There is just something about antique quilts that makes my heart beat a little faster. This display of Crazy Quilts can be found at The Suwannee Valley Shoppes in Trenton, FL. I love the warm, rich tones of the velvets in the one hanging on the wall, along with an almost stained-glass look to its tiny and random pieces. It didn’t resemble any Crazy Quilt I’d seen before.
Neither did this one with its pieced sunflower blocks and fancy stitching in the centers. Lovely!
The examples shown all date from the late-1800s and contain many unique elements that invite closer inspection. Look at the celluloid photo stitched into this beauty. And those lovely embroidery stitches- oh, my. It’s wonderful to see old quilts preserved and on display like this. Seeing them reminded me to share another part of the Sew Expo quilt exhibit I recently attended. In this case, today’s quilters built upon the past by completing old quilt tops with fancy machine quilting.
The quilts you see here began as quilt tops in the collection of Brenda Groelz. Sponsored by Handi Quilter, several Handi Quilter instructors each completed a quilt top with the instructions to “quilt in a way the original quiltmaker would never have dreamed.” The quilts became part of an exhibit entitled “Heritage Quilts Made Modern.”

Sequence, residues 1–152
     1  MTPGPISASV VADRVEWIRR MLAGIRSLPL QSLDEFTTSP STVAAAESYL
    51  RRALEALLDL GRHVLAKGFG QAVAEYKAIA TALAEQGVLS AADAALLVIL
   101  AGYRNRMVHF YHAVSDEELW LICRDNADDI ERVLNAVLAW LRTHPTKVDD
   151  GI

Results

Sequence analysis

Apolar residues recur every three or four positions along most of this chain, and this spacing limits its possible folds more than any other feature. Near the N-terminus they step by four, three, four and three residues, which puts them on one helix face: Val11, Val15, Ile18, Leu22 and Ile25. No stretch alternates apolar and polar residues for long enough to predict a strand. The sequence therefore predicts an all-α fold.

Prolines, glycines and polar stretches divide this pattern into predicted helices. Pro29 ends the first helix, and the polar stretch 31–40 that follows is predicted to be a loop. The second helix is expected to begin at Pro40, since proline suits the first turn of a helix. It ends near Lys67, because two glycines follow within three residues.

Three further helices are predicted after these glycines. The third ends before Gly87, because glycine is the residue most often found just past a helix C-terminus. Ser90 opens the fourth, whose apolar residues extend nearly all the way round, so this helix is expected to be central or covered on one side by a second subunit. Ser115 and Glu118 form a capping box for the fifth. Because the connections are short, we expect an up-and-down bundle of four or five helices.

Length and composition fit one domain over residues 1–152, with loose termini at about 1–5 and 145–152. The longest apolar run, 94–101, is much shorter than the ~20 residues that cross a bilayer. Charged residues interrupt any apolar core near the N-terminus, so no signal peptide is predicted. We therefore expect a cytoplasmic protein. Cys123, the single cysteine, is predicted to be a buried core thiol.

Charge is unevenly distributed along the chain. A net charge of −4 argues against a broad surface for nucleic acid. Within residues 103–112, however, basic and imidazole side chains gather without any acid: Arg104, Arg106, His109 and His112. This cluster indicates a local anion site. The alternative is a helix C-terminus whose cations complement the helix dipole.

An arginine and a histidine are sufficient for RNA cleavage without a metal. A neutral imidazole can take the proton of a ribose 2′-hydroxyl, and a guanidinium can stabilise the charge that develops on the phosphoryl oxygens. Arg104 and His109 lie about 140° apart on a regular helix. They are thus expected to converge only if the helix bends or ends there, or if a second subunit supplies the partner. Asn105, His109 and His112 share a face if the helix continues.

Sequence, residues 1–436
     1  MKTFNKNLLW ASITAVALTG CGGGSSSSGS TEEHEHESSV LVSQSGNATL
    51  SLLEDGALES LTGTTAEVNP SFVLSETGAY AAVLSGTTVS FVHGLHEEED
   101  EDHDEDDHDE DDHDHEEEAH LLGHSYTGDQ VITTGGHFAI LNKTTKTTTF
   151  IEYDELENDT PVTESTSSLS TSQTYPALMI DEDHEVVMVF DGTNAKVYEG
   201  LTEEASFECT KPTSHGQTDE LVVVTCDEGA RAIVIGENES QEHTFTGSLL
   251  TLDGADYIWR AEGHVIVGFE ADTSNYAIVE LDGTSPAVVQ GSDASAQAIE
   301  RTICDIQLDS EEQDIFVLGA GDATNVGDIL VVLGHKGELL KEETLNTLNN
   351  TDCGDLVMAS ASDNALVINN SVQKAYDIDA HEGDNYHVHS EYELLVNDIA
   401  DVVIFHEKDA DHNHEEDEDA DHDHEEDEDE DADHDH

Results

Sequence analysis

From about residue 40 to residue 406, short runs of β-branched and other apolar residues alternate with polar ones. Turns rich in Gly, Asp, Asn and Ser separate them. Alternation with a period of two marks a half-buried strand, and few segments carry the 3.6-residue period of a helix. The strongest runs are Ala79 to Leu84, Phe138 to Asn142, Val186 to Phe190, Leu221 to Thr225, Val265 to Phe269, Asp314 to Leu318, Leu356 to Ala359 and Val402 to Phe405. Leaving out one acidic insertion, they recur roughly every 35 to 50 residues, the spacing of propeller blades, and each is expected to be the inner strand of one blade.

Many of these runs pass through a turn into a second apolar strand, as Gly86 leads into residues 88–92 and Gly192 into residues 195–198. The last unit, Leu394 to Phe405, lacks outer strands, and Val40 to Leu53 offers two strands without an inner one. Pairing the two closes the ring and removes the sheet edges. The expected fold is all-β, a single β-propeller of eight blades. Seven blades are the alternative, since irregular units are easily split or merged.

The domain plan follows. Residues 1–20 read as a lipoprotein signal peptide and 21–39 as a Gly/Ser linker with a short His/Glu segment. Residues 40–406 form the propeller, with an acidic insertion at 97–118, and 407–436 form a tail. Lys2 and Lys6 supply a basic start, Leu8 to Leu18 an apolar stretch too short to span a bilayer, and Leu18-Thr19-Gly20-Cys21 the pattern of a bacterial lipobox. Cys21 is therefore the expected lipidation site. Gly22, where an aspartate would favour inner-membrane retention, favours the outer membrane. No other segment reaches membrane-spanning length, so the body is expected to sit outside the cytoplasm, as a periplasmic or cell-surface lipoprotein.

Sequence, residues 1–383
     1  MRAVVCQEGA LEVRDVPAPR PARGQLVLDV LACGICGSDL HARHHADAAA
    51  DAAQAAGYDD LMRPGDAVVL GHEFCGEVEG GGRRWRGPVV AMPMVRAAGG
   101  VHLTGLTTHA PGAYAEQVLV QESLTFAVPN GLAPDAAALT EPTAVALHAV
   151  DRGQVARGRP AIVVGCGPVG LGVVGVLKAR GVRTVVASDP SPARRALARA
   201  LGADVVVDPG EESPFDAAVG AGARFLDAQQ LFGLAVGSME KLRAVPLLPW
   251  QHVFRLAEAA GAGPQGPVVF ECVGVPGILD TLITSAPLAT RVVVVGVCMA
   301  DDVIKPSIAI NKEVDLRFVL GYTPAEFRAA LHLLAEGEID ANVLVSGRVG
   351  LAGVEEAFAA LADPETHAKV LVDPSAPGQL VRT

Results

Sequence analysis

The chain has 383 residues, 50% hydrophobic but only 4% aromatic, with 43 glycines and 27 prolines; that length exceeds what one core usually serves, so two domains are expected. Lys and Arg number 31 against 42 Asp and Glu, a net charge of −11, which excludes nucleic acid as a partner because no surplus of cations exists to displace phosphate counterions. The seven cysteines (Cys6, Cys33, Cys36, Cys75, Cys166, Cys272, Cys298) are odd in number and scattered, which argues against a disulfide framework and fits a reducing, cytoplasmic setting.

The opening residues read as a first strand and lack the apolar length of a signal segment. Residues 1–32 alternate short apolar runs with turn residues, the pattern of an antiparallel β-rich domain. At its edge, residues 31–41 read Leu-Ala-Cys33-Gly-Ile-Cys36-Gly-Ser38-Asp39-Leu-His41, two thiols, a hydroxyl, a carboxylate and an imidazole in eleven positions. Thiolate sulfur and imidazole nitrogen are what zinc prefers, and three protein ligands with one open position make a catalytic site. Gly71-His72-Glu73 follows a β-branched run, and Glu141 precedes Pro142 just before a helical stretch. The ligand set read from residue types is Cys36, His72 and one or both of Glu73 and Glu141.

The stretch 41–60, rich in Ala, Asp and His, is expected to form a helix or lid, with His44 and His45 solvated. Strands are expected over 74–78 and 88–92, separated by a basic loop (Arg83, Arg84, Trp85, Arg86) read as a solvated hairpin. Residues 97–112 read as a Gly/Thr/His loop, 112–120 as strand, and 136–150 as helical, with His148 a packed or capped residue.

The longarm quilters were truly masters of their craft as these examples illustrate. An interesting sidebar to these quilt tops is that nearly all of them had some special challenges for the longarmer to deal with- tops out of square, “blousy” fabric pieces within a block.
It was astonishing to see how they met the challenges, and the creativity each quilter brought to her assigned quilt top.
This close-up shows the density of the quilting, even inside the applique motifs. Stunning! I applaud the work each of the quilters did to turn the old quilt tops into a collaborative effort and to show them off in a new and exciting way. Some quilters have issues with completing old quilt tops. As for me, I doubt I’ll get all the tops finished in a lifetime, and I’d be happy to know someone might take my project to the finish line someday!
Here’s my candidate for building on the past. I’d love to hand quilt this vibrant Dresden Plate, maybe using perle cotton thread and The Big Stitch, maybe in a peachy color. There’s a lot of white space around the blocks that would look good quilted and the background fabric is tightly woven. This is a someday project, and it joins many others! What’s your take on completing old quilt tops, or using old quilts in other projects?